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The screen could then be inserted it in the machine to test.

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The screen worked best, as with the elevator, at speeds of the water wheel over 5RPM. Soon there was little left on the screen.

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What remained consisted of husks and some sticks. There was no tendency for these to move downward on the screen; they stayed where they were, and it makes me wonder whether there might have been a blower. It was also clear that the screen needed to be very flat; probably supported.

It was necessary to use a lot of water to achieve this speed, so it was an ideal opportunity to test the chamfer I made on the launder outlet last week. It looks as though I might be able to remove the stone as I hoped.

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I removed that screen, then cut a slightly shorter screen from the coarser sheet and tested it for size. Once I was happy, I covered it with last week’s mosquito netting and fitted it and fixed it down.

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Dust must be able to pass through this, and, importantly, the grain must roll easily over it ('tail over', it's called) into the trough in the foreground and out at the spout in the right hand corner.

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I had been pondering all day how to support the flimsier top screen. I then remembered some stiff metal tubing we had been given; it’s light and strong. I think it came from the stove-element industry. With the electric rotary file it was easy to form slots in which each end of the tubes could lie with their upper edges level with the frame of the machine. The next step was to refit the top screen I’d tried out earlier. Before fitting it, I bent it slightly over the edge of a table, a bit at a time, first one way, then the opposite. This had the effect of removing kinks and bumps in the sheet.

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And there, suddenly, the grain cleaner was complete! There wasn’t enough water or time to do a proper trial; that will have to wait for next time!

I did open the short chute from the elevator that feeds it earlier, but the grain came down with such a force that it went all over the place. The open-topped spout will need a lid and some kind of sock will have to be fitted to its outlet.

A special word of thanks must go to Johnny for his kind gift of the screens; his timing was superb!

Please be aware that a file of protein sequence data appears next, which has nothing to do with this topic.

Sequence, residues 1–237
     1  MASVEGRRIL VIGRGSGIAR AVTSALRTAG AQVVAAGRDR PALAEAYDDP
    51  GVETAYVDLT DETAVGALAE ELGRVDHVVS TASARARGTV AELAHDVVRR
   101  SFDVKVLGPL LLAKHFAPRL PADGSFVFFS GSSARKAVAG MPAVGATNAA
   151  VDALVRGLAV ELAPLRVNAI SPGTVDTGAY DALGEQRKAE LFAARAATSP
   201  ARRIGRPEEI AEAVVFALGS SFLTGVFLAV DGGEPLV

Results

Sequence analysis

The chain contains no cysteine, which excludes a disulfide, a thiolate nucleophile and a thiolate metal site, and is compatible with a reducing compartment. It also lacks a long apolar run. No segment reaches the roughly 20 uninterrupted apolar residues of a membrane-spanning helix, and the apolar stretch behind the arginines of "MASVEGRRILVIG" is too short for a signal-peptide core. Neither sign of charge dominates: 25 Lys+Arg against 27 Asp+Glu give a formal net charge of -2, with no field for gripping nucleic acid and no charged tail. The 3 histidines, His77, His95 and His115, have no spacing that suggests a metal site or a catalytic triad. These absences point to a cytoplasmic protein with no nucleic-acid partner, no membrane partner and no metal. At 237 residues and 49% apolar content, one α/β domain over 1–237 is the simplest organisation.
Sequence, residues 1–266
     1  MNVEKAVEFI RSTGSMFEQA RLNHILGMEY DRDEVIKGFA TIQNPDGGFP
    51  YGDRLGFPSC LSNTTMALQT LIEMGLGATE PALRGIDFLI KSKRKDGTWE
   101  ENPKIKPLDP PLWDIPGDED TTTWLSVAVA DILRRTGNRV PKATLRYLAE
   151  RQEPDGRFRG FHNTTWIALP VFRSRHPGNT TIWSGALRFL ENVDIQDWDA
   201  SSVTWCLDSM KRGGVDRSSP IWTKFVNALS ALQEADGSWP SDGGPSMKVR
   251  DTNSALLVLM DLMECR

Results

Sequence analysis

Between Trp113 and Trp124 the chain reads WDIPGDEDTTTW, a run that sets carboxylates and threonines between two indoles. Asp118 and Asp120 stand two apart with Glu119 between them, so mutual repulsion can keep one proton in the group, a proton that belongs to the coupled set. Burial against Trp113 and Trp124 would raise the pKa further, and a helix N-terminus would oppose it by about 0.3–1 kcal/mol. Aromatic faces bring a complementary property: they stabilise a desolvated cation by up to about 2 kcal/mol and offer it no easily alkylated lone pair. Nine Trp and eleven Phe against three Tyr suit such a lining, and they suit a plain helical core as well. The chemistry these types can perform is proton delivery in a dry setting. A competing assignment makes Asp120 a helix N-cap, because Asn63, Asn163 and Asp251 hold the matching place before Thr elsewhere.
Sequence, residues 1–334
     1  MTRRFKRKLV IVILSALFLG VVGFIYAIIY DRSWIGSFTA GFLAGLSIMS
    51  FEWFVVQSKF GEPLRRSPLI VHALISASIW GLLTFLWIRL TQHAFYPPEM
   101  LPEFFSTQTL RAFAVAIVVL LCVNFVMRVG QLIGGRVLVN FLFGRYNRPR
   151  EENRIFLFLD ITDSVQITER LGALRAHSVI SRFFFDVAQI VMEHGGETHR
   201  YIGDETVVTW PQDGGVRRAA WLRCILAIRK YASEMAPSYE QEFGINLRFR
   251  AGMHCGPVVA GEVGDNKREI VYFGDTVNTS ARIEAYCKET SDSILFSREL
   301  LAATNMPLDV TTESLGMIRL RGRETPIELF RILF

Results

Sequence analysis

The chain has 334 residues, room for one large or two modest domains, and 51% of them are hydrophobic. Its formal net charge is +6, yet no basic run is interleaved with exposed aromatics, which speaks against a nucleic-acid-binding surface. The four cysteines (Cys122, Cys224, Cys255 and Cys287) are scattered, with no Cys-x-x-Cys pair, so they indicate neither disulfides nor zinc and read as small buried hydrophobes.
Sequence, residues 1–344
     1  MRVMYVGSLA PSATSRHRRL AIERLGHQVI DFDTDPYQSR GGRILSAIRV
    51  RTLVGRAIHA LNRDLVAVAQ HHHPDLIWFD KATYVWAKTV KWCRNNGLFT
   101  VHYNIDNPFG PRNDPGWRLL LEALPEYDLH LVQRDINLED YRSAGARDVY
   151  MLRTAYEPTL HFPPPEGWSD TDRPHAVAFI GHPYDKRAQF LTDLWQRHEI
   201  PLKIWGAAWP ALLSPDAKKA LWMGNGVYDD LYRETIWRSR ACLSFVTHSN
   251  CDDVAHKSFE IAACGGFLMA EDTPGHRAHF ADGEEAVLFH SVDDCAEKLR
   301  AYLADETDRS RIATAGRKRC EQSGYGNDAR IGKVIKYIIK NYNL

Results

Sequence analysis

Andy Selfe

18th December 2010

 

 

Homework for this week was lining the intermediate screen with the fibreglass mosquito netting which is slightly finer than the woven aluminium fly / mosquito net I’d used for the third stage.

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Starting from the centre, I glued the mesh to the longitudinal strip, then worked outwards along the curved parts, then across the two outer longitudinal strips, pulling it taut. Once that glue had dried, I trimmed the edges for a single fold, then applied glue to the remaining strip and folded that over and stapled.

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Unable to trace aluminium strip in small quantities, I had two strips of 1.6mm galvanised steel plate cut to the same dimensions, then drilled and countersunk them.

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From the outside, this is what it looks like:

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Our friends at Mostert’s Mill in Cape Town were in action on Saturday 4th December, and we were asked if we could help with some grain as their stocks had been found to be contaminated. We had a date for a meeting on the Steam Tug Alwyn Vintcent, so it was a good opportunity to pop in on the way and deliver half a bag. With no way of measuring half a bag by weight, we had to make do by volume.

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It was great to see all our old friends on their home turf. It was a pity there was so little wind, so they were using the opportunity to do maintenance, including raising their runner stone enough to vacuum out any traces of contaminated meal.

There was no more aluminium mesh in our village hardware shop by Friday, so I stopped in at the ‘Boeremark’ in Bot River, which is an experience on its own! They had ali mesh, but when I measured it up, it was the same weave as the fibreglass mesh I’d used for the medium screen. I will have to use it for another project. I fitted the newly lined screen to the machine:

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There would be no point attaching this new mesh to screen 3, so I milled away for most of the day, and entertained about four groups of visitors. Two groups had seen the Pasella programme on television. Our fame precedes us, it seems!

There was plenty of water, so I ran with the mill pond nearly overflowing the sluice gate. The choke point was clearly the outlet of the wooden launder over the wheel at the trap door. When I’d done enough milling to last a couple of weeks, I tackled the far edge of the opening in the wooden trough, chamfering the lower edge.